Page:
I read the thermometer: 104.7 I was in desperate trouble.
As a breast cancer survivor I’d recently undergone reconstructive surgery. Finally finished with chemotherapy, radiation and a full year of IV Herceptin therapy, I had begun the reconstruction process seven weeks earlier. A surgically-placed implant was injected with more saline each week in an attempt to stretch the skin. Only radiation had decreased the elasticity of the flesh. A few days earlier, stitches had proved necessary to reinforce an opening surgical site.
Now, a high fever.
Time to call the doctor and rush to the hospital. Met in the ER by the on-call physician, a simple blood test confirmed infection. I needed surgery stat. If the implant remained, the infection could go septic and my life would again be threatened.
After surgery I was hospitalized for five days, the longest confinement of my cancer experience. I had my own room on the oncology floor and generally only saw the nurses once per shift. After two days of constant IV antibiotics and near-continuous sleep, I awoke.
I recollected what happened.
“God, how can this be? The doctors said the mastectomy was necessary. I’d never dreamed I’d lose that. But I hoped after reconstruction I’d look normal.” With tears streaming down my cheeks, I stared at the pale hospital wall. “I’m only 34!” Now it had failed. What I anticipated rectifying the effects of cancer on my body, on my appearance, on me, had failed. Now the only option left was for me to gain thirty pounds and have a procedure requiring six months recovery.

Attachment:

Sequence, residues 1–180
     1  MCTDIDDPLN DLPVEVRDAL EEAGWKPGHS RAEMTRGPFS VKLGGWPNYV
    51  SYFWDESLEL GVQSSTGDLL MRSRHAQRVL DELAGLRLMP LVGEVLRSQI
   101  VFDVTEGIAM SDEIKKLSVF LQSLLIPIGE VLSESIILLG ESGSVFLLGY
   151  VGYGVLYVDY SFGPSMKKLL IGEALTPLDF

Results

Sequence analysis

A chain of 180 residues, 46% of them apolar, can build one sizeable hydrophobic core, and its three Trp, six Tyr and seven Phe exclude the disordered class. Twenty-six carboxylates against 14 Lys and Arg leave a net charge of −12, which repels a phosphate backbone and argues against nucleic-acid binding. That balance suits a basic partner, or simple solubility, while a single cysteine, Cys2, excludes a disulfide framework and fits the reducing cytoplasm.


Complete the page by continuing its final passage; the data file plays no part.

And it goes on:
I knew I’d never opt for it. I had three daughters ages 11,7, and two. I’d already lost two years with my family, stolen by cancer, no way I’d voluntarily surrender more.
“God,” I cried, shaking and sobbing alone in my hospital room, “I know You’ll redeem this. I just can’t imagine how.” I stared ahead, trying to comprehend it all. “But You will find a way somehow, some way; You’ll use this for good.”
“You are fearfully and wonderfully made. Man may judge by appearance, but I judge by the heart,” Scripture burned in my brain. “Your heart is beautiful,” His voice whispered into a mind struggling to comprehend such a concept.
I sobbed all afternoon, praying, “God help me fully trust You.”
As a girl who’d never thought she measured up in the physical appearance department, I needed God’s love more than ever.
I couldn’t imagine how He could help me.
I couldn’t imagine what He might do.
I can’t believe what He did!
Over the next two years, slowly, about the same rate as my hair re-growth, God built my confidence in ways I’d never known. I studied entire books of the Bible, breaking down verses, memorizing them and applying them.
I took greater interest in fashion, dressing modestly, enjoying fun colors and cute clothes.
But the biggest change? I clung to Jesus. I repeatedly asked Him to change me on the inside so I could be a positive, faith-filled mentor to my girls. That I would slowly shape into the Stefanie He envisioned when He knit me together inside my mother’s womb. I learned His unconditional love, and I felt beautiful, basking in His presence.
It’s been seven years since that fever. My curly hair’s half-way down my back. You’d never guess by appearance I’m a cancer-survivor.
It took losing a piece of my physical body to yield to Jesus to make me spiritually whole. I gained confidence in Him, as He’s molding and shaping me. I am beautiful to Him, and surprisingly I really don’t miss that anymore. The personal relationship I have with Jesus, that soul satisfaction, is what consumes me, not the incessant thoughts of what I can do, should do, to look better.
I never would have written that journey, but I’m so thankful He authored the outcome: I now understand what it is to be truly and completely loved.